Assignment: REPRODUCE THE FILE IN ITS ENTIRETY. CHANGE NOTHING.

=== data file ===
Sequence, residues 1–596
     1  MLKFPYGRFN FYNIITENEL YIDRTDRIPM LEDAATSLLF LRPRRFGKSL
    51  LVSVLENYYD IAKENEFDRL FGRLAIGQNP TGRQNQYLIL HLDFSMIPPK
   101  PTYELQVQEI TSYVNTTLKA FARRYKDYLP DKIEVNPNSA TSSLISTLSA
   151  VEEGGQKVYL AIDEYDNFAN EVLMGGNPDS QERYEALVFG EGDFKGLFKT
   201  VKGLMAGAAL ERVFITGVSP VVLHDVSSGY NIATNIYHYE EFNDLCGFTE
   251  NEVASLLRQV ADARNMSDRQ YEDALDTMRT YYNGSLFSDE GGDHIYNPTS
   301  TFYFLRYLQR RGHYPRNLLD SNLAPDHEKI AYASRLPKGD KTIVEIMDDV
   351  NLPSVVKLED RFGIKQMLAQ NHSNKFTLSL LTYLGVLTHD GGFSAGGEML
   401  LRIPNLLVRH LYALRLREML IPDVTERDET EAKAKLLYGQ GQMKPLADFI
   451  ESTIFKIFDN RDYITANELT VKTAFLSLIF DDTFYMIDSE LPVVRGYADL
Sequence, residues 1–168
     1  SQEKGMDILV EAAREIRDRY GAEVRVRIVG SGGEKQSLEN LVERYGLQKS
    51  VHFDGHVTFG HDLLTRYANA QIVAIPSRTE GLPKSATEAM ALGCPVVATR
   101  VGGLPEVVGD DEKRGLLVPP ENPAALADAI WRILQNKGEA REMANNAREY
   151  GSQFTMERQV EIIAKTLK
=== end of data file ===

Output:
Sequence, residues 1–596
     1  MLKFPYGRFN FYNIITENEL YIDRTDRIPM LEDAATSLLF LRPRRFGKSL
    51  LVSVLENYYD IAKENEFDRL FGRLAIGQNP TGRQNQYLIL HLDFSMIPPK
   101  PTYELQVQEI TSYVNTTLKA FARRYKDYLP DKIEVNPNSA TSSLISTLSA
   151  VEEGGQKVYL AIDEYDNFAN EVLMGGNPDS QERYEALVFG EGDFKGLFKT
   201  VKGLMAGAAL ERVFITGVSP VVLHDVSSGY NIATNIYHYE EFNDLCGFTE
   251  NEVASLLRQV ADARNMSDRQ YEDALDTMRT YYNGSLFSDE GGDHIYNPTS
   301  TFYFLRYLQR RGHYPRNLLD SNLAPDHEKI AYASRLPKGD KTIVEIMDDV
   351  NLPSVVKLED RFGIKQMLAQ NHSNKFTLSL LTYLGVLTHD GGFSAGGEML
   401  LRIPNLLVRH LYALRLREML IPDVTERDET EAKAKLLYGQ GQMKPLADFI
   451  ESTIFKIFDN RDYITANELT VKTAFLSLIF DDTFYMIDSE LPVVRGYADL
Sequence, residues 1–168
     1  SQEKGMDILV EAAREIRDRY GAEVRVRIVG SGGEKQSLEN LVERYGLQKS
    51  VHFDGHVTFG HDLLTRYANA QIVAIPSRTE GLPKSATEAM ALGCPVVATR
   101  VGGLPEVVGD DEKRGLLVPP ENPAALADAI WRILQNKGEA REMANNAREY
   151  GSQFTMERQV EIIAKTLK